Advice Works (Blog or Die! Entry #15)

Accepted entry for the “Article” category.

Author: Caleb Inman (VAkkron)

Word Count: 1,282

Advice Works

I often see Lego touted as both an art form and as an application of engineering principles, because of its immediate tactile response and precision.  Fortunately for me and all those who choose to participate in the greater community, Lego is also a culture.  One that offers community and inspires me to learn about other people, understand our differences, and celebrate a shared passion for creativity.

Well, you already knew that.  You’ve all had that same realization.  Heck, maybe you’ve even put it all in a job application essay like I have!  Anyway, I want to tell you all a story tonight.  So fill a glass at the eternally flowing countertop that is the Manifesto, sit back, and try not to puke at the WIPs.

I want to explain what I did when both the science and the art of Lego failed me.  I had a great vision and a hopeful imagination, but not surprisingly, it was difficult to pull off.  This is a story about the creation of my Isaac Newton storytelling bust which I created in 2016 for a competition.  But I decided that I wasn’t content simply meeting the contest criteria, and Bricks Noir and Absurde were both inspiring me to push into the character-building genre.  The competition was Radley’s annual mad scientist competition, and the assignment was to build a crazy scientist in their laboratory, either real or fictitious.  I decided to make a bust of Isaac Newton, and from the first minute of my planning, I knew exactly how I wanted it to look.

I say that because I very rarely build with such complete vision.  But for this model, I knew that I wanted to build a super-realistic version of the man’s face in full or close-to-full scale.  I wanted his luscious wig to unfold with stories of his life built in miniature atop them.  I even wanted to build a Lego orrery coming out of Sir Izzy’s scalp.


Photo Credit

The problem was, I wasn’t very good at that.  I started out with my science, by building a Technic frame, which limited my size to roughly a ¾ model.  Fortunately, that helped my tan parts collection actually stretch across the entire model, which it would not have with a full-scale face.  The wig was difficult and I wanted the fold-out miniatures to be saved for the big reveal, But I knew I was having trouble with the face when it looked far more like your grandma than Isaac Newton (reference picture).  It was time to call in the big guns.


[First WIP Image]  Photo Credit.

I’d only seen closed-group WIPs talked about on the side a few times, and had maybe been a part of one myself.  But I decided to post a private photo of my senile, rat-haired freak to Flickr, because heaven knows I had no clue what to do next.  And that is where the beginning of my story becomes relevant.  Since this hobby has introduced me to so many engineers, artists, and everything-in-betweeners who know what they are doing, I asked them all for help.  I’ve seen carefully-worded, politically-correct posts about “comments and criticism are welcome”, but I didn’t want any criticism.  I wanted straight-up mockery, swearing and vocalized pain that my model inflicted on their eyes.  To my great delight, that is exactly what I got.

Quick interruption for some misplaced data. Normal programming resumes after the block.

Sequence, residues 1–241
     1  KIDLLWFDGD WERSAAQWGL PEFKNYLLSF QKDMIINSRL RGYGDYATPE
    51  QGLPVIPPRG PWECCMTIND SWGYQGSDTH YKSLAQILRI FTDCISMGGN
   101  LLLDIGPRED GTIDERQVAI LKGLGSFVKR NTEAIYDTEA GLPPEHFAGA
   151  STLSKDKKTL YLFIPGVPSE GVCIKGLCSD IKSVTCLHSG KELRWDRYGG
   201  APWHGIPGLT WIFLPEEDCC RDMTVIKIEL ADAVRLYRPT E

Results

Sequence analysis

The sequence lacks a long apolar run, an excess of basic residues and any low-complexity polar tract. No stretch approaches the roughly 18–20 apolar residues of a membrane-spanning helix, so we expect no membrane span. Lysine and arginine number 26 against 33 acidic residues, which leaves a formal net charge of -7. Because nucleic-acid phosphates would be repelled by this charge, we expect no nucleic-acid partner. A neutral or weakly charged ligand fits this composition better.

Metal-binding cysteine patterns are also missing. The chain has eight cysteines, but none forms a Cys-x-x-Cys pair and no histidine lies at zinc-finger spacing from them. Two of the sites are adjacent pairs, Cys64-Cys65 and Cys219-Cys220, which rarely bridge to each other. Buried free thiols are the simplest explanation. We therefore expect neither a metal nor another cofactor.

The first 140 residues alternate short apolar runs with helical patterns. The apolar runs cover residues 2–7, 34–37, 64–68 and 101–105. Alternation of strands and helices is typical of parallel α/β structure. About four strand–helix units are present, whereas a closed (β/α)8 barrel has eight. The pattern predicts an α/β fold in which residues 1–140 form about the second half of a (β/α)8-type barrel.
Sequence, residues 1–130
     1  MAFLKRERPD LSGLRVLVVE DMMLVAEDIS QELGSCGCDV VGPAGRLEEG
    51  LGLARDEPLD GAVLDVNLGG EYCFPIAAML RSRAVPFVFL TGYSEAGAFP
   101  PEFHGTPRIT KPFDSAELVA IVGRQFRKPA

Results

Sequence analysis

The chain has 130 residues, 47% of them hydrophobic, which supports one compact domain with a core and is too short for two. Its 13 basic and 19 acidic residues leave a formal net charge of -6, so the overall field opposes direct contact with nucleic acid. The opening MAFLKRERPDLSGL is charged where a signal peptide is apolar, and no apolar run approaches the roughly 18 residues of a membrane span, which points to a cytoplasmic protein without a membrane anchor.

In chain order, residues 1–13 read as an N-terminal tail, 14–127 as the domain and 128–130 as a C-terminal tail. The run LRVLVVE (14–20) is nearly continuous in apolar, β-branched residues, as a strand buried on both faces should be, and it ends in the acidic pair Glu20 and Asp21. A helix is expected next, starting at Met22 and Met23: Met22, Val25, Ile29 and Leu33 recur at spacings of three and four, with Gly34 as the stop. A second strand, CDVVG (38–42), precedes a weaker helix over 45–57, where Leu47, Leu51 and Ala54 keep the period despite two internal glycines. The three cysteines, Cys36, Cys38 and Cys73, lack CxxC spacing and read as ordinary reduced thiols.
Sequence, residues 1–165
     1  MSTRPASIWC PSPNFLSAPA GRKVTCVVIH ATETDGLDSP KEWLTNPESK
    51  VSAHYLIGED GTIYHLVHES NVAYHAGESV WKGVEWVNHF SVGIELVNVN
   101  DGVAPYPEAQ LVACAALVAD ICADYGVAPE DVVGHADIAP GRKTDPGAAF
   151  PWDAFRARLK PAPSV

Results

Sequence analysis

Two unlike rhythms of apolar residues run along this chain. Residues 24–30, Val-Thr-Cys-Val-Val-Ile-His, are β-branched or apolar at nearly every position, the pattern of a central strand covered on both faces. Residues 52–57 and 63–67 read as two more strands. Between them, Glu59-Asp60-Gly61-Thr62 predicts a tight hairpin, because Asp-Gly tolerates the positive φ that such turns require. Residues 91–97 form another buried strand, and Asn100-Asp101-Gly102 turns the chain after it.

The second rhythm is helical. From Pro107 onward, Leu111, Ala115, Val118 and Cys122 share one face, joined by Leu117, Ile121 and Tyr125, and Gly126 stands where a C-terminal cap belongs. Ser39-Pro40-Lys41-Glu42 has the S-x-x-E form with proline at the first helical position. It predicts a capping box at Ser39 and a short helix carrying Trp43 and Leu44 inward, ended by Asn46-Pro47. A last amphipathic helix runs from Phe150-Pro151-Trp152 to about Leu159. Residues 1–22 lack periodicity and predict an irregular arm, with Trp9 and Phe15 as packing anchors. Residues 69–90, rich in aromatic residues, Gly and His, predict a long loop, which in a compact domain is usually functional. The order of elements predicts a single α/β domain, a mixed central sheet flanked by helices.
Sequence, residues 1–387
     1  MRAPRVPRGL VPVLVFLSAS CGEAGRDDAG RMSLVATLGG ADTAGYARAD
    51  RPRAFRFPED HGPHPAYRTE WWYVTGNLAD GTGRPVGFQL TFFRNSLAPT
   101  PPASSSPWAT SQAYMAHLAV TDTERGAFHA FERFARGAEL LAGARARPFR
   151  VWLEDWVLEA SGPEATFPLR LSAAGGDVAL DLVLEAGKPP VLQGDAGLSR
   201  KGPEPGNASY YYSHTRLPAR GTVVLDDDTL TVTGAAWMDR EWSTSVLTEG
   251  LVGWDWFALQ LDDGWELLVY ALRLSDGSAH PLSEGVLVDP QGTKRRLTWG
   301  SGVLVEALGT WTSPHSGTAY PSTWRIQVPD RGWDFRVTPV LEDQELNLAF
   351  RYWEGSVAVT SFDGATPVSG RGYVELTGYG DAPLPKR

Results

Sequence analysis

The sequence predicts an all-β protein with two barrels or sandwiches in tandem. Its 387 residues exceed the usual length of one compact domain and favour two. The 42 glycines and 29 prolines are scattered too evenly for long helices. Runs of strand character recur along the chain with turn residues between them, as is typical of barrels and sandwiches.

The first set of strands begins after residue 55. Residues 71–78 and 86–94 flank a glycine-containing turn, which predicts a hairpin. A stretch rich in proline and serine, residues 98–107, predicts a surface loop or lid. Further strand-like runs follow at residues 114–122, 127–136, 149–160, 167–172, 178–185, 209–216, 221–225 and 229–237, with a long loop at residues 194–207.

If I showed you the group of homies who commented on my model, you’d probably recognize many of the names.  That’s because the Manifesto is something amazing to me in a personal way: literally most of my good friends online are constant readers here.  Hi friends!  They breathed fire, they broke down my model step by step.  Absurde brought the technical expertise.  Keith brought the vision.  Matt brought the artistic commentary, Wolff brought the cranberry pie, and we all had a delicious collaborative Thanksgiving dinner.

Now I’m going to serve you some of the best comments that turned this build around.  I will include mostly the helpful stuff, so if you bear with me, you might learn something yourself (unless you were the person who said it).  Until further notice, please refer to the above eyesore that is a WIP.  This is what the comments applied to.

First off, Matt Rowntree chimed in early and gave some wonderful advice.  So useful, in Advice

fact, that half of my other responses were echoes of his advice, or rather, the advice of one of his mentors.


I’ve actually taken this to heart since, and try to see through all replicas that I make with this sort of inspiration.  Matt also kindly noted that my nose was too small, citing Izzy’s “massive proboscis of pugilistic proportions”, which sounds like it could be a disease description.  If that is so, I probably suffer from the same thing.  Keith commented with some professional hair advice.


Topsy also joined in the nose conversation, bringing some near-compliments to the table.  Unfortunately, her advice on color wasn’t going to work, but I had to make some concessions.  Luckily I took her and Keith’s advice regarding color tone and consistency, and this model made me realize the true power of color in a piece of art.